According to the reference books, Buffleheads are one of the smaller ducks and generally silent except during courtship.  This species also has the rare characteristic of an increasing population since the mid 1950s.  As a slight justification to myself, the National Geographic reference book actually states, “It’s plumage is suggestive of miniature goldeneyes.”  So there you go!  Oh, another interesting tidbit from the same reference, “It flies so quickly, with rapid wingbeats, that the wings blur.”

Let’s just see how the 400mm Beast thinks about that.

Nailed it!  Similar to the Mergansers (link here) I was able to pan through with the Beast and catch them lifting out of the water.  As with the other shots, keeping them in the frame while zoomed so deep is a difficult task at best.  I was able to grab a second shot thanks to having it in continuous shot mode (a highly recommended mode for all bird photographers out there).

The car’s window frame begins to impede if they travel to far.  Guessing the above shot was just about at the extent of movement allowed by the window – Based on the water pattern, one apparently got away.  A quick reset allowed me to capture one more shot, but the dark reflections of the water caused the birds to get lost in the shot.  If you took a quick glance at this picture without knowing what it was you might think you were looking at flying penguins.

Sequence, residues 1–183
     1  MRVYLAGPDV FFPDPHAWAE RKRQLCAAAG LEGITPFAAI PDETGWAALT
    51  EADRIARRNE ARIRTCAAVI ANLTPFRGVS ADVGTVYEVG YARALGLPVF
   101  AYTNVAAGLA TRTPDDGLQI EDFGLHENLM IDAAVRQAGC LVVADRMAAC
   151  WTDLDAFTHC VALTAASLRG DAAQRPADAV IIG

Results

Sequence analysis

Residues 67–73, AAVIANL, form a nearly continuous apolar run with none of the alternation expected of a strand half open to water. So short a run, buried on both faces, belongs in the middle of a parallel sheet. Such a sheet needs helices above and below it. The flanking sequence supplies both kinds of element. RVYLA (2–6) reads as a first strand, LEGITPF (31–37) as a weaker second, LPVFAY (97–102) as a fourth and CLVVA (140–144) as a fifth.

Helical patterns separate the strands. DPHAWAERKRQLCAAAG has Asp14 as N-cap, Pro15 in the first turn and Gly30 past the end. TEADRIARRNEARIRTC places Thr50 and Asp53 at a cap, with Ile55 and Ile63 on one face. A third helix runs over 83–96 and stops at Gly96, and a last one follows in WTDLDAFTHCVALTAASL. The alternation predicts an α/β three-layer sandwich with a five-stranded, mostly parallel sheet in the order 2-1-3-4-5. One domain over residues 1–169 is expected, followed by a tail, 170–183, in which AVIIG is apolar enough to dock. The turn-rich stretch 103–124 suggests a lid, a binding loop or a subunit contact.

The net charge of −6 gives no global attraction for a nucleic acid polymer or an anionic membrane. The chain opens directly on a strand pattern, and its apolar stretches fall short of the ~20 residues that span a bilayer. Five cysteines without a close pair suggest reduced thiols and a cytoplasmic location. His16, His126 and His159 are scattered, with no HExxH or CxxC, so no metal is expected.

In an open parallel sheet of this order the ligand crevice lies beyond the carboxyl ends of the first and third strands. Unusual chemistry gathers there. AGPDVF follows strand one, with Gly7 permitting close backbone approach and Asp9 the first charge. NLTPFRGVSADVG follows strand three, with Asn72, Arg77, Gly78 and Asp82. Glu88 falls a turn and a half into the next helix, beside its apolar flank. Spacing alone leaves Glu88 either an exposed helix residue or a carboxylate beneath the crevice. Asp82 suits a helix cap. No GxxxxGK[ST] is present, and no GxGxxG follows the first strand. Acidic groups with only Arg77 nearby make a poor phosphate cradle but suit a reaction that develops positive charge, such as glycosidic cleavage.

Well, that does it for this bird post.  I am definitely thrilled I was able to add to my collection and hope you enjoyed the shots as well.  As is always the case on this blog, feel free to correct any of my classifications – it is not always easy to match the specimens found in the field with reference shots and having multiple eyes on the task is a good thing.  Two birds to go.. wish me luck.

full size pictures can be found in our Smugmug Gallery (link here)

4 thoughts on “A Surprise to My Goldeneye”

  1. Confirmation! Thanks for taking the time to verify that – an interesting website I was not aware of – I am going to add that to my reference collection as another way to validate the bird classifications. The best part is their picture showed similar markings to my shots which was the struggle with the other reference books I have (as I have repeatedly complained about in this blog).

    I was surprised to see a voice player for this bird seeing as how they are known to be quite. I played it and it is remarkable how similar it is to the Common Raven’s voice which gives credence to a bizarre statement I saw in one of the other books – it indicated that it will call a warning out to Ravens in the area – assuming this is to trick them into staying away from them.